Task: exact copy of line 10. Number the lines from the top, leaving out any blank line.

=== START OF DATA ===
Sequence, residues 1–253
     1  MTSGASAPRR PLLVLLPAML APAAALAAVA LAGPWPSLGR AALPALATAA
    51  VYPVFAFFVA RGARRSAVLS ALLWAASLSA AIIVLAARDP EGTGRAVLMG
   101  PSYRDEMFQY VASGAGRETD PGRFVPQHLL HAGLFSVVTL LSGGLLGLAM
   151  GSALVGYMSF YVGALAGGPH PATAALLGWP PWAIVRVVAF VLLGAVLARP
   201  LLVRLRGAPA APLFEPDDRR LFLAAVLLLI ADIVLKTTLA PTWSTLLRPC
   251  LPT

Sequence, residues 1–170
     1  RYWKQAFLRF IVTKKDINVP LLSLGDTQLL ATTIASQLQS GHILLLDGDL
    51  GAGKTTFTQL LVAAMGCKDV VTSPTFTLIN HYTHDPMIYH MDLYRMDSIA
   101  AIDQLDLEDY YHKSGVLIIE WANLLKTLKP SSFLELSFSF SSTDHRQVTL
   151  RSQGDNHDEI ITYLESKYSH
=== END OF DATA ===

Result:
    51  GAGKTTFTQL LVAAMGCKDV VTSPTFTLIN HYTHDPMIYH MDLYRMDSIA